Vaginal transmission of cell-associated HIV-1 in the mouse is blocked by a topical, membrane-modifying agent.

Document Type


Publication Date



Animal, Cell-Movement, Cyclodextrins, Disease-Models-Animal, Epithelium, Excipients, Female, HIV-Infections, HIV-1, Hela-Cells, Human, Leukocytes-Mononuclear, Lymph-Nodes, Mice, Mice-SCID, Peritoneal-Cavity, Progesterone, SUPPORT-U-S-GOVT-P-H-S, Vagina

JAX Source

J Clin Invest 2002 Jan; 109(2):205-11.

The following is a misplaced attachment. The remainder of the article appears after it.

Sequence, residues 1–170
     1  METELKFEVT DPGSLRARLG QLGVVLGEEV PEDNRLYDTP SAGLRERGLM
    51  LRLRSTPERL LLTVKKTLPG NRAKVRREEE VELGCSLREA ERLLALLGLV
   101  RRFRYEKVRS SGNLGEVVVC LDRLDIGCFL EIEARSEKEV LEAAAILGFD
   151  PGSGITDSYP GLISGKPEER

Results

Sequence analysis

Because both HIV-1 virions and HIV-infected cells are present in the semen and cervical mucus of infected individuals, HIV-1 prevention strategies must consider both cell-free and cell-associated virus. Antibodies that target HIV-1 virions have been shown to prevent vaginal transmission of cell-free virus in macaques, but since cell-associated transmission has not been reliably demonstrated in this model system, no strategies to prevent such transmission have been tested. We have employed a mouse model in which SCID mice carry human peripheral blood leukocytes (HuPBLs). In these mice, vaginal transmission of cell-associated, but not cell-free, HIV-1 transmission occurs, mediated by transepithelial migration of HIV-infected cells. Topical application of beta-cyclodextrin (beta-CD), a cholesterol-sequestering agent that interferes with cell migration and budding of virus from lipid rafts, blocks transmission of cell-associated HIV-1. The HuPBL-SCID model of vaginal HIV-1 transmission should prove useful for investigating cell-associated HIV-1 transmucosal HIV-1 transmission, as well as for screening reagents for their potential efficacy in preventing sexual HIV-1 transmission.